• Maternal Mortality Review Committee (MMRC): In response to the rise of Alabama’s maternal death rate, The Medical Association of the State of Alabama is spearheading an effort to secure funding for the Maternal Mortality Review Committee (MMRC). We are proud to be leading the charge in spotlighting this tragic issue and grateful to Governor Ivey for including this funding in her budget.
  • Maternal Health Awareness Day: The House of Representatives has introduced a resolution (HJR115) which designates Mother’s Day (May 10, 2020) as “Maternal Health Awareness Day” in the State of Alabama, in order to raise public and professional awareness about important maternal health, safety, and mortality issues and encourage the development of new programs and initiatives designed to positively impact maternal health and mortality.
  • Medical Cannabis: Last year, a bill authorizing medical cannabis created a study commission to make recommendations for this session. Those recommendations have been put to paper and new legislation (SB165) has been passed by the Senate. Due to the length of the bill, we will not be listing a full synopsis here.
  • Certificate of Need Laws: This bill (HB126) would repeal the certificate of need program and abolish the state agencies, councils, and boards that exist to operate and support the certificate of need program. HB126 has yet to be considered by the House Committee on State Government. The Association supports this bill.
  • Needle Exchange: This bill (SB235) would allow for the creation of a “needle exchange” for at-risk populations to stem the spread of disease that comes from dirty needle sharing from drug use in Jefferson County. The bill has passed the Senate Health Committee and now moves to the Senate floor for a vote.
  • School Seizure Plans: This bill (HB385) allows for the creation of a seizure management plan for individual children to have on file at the school and for the training of school personnel to manage seizure episodes in children passed out of the House Health Committee and awaits a vote by the full House.
  • Transgender Therapy: Known as the Vulnerable Child Compassion and Protection Act, this bill (SB219) prohibits gender change therapy for minors, prohibits the withholding of certain related information from parents, and establishes criminal penalties for health care providers and others who violate the act. The bill passed the Senate and has been sent to the House. The Association believes that criminalizing the practice of medicine – no matter what the topic – sets a dangerous precedent and interferes with the physician-patient relationship.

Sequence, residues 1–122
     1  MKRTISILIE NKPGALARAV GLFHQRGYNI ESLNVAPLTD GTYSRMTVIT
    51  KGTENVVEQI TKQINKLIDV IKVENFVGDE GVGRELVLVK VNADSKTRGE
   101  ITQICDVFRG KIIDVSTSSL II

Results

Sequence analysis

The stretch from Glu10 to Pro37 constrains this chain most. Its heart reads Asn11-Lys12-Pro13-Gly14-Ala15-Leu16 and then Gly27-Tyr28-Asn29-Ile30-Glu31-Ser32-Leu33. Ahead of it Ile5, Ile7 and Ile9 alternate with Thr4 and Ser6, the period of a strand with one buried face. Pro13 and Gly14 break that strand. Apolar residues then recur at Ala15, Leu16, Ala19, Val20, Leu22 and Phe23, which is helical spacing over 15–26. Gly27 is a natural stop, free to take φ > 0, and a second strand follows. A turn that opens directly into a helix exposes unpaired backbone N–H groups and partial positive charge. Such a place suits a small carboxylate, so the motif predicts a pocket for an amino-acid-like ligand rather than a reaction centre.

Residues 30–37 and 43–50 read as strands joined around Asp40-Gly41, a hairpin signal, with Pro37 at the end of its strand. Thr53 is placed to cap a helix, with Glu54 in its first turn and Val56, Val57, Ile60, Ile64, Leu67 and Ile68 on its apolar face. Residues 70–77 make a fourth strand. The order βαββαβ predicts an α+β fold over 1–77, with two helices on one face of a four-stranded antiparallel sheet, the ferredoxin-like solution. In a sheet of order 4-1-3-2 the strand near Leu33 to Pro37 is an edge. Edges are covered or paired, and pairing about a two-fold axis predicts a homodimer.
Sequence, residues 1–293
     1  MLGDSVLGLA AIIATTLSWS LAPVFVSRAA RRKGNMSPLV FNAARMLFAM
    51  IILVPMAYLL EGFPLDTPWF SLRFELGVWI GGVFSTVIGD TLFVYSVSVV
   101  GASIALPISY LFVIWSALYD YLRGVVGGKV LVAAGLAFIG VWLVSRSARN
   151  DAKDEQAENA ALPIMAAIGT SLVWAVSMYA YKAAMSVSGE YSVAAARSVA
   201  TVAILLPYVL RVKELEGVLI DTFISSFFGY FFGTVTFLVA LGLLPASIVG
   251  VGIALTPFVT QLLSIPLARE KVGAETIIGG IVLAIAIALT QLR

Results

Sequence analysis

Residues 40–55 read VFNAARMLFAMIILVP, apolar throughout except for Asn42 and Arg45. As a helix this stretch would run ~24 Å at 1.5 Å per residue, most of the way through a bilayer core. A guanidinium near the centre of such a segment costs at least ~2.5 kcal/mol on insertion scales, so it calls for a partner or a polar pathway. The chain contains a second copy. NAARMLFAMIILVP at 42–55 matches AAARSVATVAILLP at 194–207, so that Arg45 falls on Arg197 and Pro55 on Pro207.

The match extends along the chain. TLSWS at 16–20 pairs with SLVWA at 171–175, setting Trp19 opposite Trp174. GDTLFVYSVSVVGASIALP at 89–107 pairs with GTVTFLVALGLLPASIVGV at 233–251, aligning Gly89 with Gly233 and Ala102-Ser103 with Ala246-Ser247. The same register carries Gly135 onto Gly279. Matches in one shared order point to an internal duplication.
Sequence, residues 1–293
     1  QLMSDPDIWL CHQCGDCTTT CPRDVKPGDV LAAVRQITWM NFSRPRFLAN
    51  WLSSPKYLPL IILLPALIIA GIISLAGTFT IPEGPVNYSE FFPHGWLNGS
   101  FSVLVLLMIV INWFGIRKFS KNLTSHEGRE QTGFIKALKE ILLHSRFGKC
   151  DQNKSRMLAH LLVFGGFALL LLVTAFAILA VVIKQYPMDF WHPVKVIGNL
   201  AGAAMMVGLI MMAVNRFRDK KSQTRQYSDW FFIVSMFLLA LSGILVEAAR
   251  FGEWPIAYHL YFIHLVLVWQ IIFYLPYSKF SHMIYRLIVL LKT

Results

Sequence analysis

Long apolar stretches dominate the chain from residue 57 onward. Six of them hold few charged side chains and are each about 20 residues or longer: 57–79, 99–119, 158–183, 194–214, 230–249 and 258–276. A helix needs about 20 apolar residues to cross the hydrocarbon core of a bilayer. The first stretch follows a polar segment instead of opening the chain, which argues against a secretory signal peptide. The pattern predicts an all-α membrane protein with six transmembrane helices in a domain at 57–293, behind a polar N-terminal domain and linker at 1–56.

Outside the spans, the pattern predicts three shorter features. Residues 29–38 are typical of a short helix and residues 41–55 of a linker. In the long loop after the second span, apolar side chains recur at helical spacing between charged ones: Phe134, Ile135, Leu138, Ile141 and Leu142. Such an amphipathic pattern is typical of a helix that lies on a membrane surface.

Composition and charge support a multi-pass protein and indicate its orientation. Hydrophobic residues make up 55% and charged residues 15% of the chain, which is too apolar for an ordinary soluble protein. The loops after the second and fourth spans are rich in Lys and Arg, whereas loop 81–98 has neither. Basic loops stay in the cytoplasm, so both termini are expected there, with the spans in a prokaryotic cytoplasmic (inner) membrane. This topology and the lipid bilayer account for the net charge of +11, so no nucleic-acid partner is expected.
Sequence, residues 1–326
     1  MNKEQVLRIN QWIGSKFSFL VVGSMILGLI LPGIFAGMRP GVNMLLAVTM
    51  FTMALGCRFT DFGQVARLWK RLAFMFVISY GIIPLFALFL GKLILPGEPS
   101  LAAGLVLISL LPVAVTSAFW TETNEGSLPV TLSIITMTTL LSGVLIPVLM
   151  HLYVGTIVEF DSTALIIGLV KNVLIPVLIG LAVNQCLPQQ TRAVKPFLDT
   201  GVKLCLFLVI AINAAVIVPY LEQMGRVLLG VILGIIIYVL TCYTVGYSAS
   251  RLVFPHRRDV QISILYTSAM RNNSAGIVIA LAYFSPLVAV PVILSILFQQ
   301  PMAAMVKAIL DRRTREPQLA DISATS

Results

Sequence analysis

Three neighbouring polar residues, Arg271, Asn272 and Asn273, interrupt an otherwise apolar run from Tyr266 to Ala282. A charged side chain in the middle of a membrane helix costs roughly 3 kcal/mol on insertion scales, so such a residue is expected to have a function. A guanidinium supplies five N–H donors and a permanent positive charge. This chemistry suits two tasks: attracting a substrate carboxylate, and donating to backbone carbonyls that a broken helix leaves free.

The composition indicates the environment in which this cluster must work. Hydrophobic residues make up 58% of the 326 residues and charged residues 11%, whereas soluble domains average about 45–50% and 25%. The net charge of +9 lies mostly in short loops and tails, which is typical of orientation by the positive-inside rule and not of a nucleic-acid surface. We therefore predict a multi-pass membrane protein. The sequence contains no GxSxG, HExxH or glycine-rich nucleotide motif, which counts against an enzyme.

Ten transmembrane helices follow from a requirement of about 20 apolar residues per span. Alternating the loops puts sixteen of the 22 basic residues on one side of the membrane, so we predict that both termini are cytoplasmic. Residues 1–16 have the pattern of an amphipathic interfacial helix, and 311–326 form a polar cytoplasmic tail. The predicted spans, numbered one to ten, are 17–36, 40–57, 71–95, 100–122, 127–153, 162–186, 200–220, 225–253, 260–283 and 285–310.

Rural Health

  • Rural Physician Tax Credit: This bill (SB195) will amend the current definition of rural, strengthen the residency requirement, and extended the tax credit to include dentists. The legislation has passed out of the Senate Committee and now heads to the floor.
  • Board of Medical Scholarship Awards (BMSA): The Association is has been working with BMSA to request additional funding for this highly successful program. We are proud to see the funding including in the initial budget and will continue advocacy efforts to ensure it remains in the final version.

Medicaid Expansion

  • Medicaid Expansion Bills: Rep. Laura Hall introduced a bill (HB448) to extend Medicaid coverage for new and expectant mothers for up to a year post-partum, while Rep. Mary Moore introduced a bill (HB447) to fully expand Medicaid coverage. Rep. Neil Rafferty introduced two resolutions supporting his colleague’s bills and urging Gov. Ivey to expand Medicaid.

Coronavirus (COVID-19)

  • The Alabama Legislature has provided an additional $5 million to the Alabama Department of Public Health to assist in responding to the spreading pandemic. These funds will help supplement the Federal funding, which totals $8.1 million to date. The funds will go toward numerous priority issues, including the creation of local centers for screening, expenses related to telehealth, and covering the costs for the testing and treatment of uninsured citizens. The Association thanks the legislature for acting so quickly.